While Calgary absolutely dominated the second and third periods, Vancouver looked like they hit the reset button. They came out flying like they opened the game.
Horvat started things with and end-to-end sprint, but fired high.
Pettersson and Boeser generated a chance in close for Hutton who couldn’t convert.
Virtanen made a controlled entry with 3 minutes to play, but fanned on the shot.
Boeser beat Monhan 1-on-1 all the way to the net, but wasn’t able to get a shot off on the backhand.
Boeser and Pettersson had a 2-on-1 with 1:45 to go, but Pettersson had the puck hop over his stick on the one-timer.
Calgary countered with a Giordano break that hit the post. This led to a break for Boeser who drew a Giordano slash.
On the power play, Stecher worked the puck in to Horvat in front and he beat Rittich only to put the backhand shot off the post.
Things seemed to continue in Vancouver’s favor as they forced a shootout. They certainly had the hotter of the game’s goaltenders.
Elias Pettersson scored on a wrist shot high glove side in the first frame for Vancouver and Markstrom shut out all three Flames he faced to seal the win. What a beauty.
MARKY ? pic.twitter.com/ekUDXY5P2W
— Vancouver Canucks (@Canucks) February 10, 2019
The commentators called the Sutter line a “hard match” for Bill Peters against the Monahan line.
There were no hard matches for Vancouver against the Monahan line.
To be fair, I’m not sure there’s many hard matches for this line in the entire league. The Canucks also (clearly) struggled against Calgary’s top pair, but again, this has been the case for the majority of the league. Brodie has been exceptional and Giordano should probably be leading most Norris discussions.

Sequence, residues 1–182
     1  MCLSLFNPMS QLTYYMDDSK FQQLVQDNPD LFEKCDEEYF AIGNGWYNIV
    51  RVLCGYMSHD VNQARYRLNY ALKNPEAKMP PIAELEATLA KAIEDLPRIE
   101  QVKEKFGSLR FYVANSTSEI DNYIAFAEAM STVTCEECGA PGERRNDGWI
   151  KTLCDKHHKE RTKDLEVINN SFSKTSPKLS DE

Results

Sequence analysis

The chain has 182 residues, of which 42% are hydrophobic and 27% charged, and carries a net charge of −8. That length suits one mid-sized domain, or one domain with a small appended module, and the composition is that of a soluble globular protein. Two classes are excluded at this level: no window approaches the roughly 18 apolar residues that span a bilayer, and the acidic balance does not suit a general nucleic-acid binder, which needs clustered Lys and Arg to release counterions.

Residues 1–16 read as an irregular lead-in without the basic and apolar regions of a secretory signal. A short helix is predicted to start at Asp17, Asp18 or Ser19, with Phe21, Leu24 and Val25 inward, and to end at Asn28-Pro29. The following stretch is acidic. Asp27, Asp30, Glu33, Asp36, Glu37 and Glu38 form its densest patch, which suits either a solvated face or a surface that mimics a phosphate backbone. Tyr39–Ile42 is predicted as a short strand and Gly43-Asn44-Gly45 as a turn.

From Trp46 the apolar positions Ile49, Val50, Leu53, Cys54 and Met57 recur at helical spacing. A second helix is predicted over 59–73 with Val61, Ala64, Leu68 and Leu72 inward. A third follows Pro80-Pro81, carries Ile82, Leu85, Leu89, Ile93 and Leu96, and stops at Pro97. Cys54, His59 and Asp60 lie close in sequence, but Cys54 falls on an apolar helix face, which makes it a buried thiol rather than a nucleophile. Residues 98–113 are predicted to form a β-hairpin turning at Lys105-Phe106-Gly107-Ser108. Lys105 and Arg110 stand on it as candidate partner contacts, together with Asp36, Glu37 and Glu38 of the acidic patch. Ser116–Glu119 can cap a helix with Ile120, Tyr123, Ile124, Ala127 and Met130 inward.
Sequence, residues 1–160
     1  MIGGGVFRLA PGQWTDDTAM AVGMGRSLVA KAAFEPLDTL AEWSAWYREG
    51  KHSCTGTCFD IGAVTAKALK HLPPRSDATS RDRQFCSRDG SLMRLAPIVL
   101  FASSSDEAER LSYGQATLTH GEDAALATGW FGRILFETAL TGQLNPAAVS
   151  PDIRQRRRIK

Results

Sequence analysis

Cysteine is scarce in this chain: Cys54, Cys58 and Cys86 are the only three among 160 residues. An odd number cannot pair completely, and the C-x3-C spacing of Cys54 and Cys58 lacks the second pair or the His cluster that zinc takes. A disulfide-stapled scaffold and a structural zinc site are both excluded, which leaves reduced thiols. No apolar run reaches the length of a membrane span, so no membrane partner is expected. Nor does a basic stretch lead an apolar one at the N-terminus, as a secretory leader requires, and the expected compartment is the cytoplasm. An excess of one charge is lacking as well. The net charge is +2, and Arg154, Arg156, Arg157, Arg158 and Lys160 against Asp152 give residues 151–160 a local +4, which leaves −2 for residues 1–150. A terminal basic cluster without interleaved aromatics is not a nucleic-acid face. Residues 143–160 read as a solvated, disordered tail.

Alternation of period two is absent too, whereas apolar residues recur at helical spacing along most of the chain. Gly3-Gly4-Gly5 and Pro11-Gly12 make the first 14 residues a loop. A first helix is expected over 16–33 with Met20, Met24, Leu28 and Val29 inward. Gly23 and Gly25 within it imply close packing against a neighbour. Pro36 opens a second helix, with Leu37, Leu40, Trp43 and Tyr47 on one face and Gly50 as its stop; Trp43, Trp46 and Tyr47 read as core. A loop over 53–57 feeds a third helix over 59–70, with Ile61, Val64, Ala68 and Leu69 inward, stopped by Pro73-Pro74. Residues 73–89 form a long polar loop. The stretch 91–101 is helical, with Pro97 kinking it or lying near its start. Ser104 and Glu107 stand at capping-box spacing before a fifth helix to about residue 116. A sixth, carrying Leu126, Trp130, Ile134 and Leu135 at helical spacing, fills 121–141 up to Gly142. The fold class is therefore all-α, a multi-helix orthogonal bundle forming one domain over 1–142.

On the one hand, it’s nice to see the team respond after giving up goals. On the other, you’d like to see them not give up those goals, preferably by preventing some of those shots or maybe just getting the puck out of their own zone every once in a while.
Some Canucks fans got what they wished when Pouliot-Gudbranson got split up. Unfortuately, we all now have to reap what they sowed and watch Pouliot-Biega. I’m not sure you can justify rolling this pairing over at least on of the guys in Utica while Edler is out.
Beyond being defensively challenged, the Canucks struggled mightily tonight making good decisions and crisp passes. It seemed like they often were trying to open up the game with low percentage plays. Furthermore, there was little support of the puck carrier both in the defensive zone and the neutral zone.
Markstrom deserves both points for this win as the team failed to play anything resembling defense for the majority of the game. I mean the guy prevented between two and three expected goals for Vancouver in a case where the numbers and the eye test are very much aligned.
Anytime you take a point when you’re this thoroughly dominated it’s a good thing, but to get the second point in a game against a division rival? well, buy yourself a lotto ticket. The Canucks got away with one tonight.
Overall, I’m not mad, I’m just disappointed. This team can play better and you’d hope, a bit more consistently.
Most likely, though? The roller coaster games continue. Grab your Tums and Pepto, it’s going to be a fun spring.
Hopefully, some adjustments.
The Canucks take on a San Jose squad that’s every bit as talented as this Calgary group on Monday night in Vancouver.
The offensively gifted Sharks haven’t lost since before the All-Star break and should prove to be a formidable test for a currently defensively challenged group in Vancouver.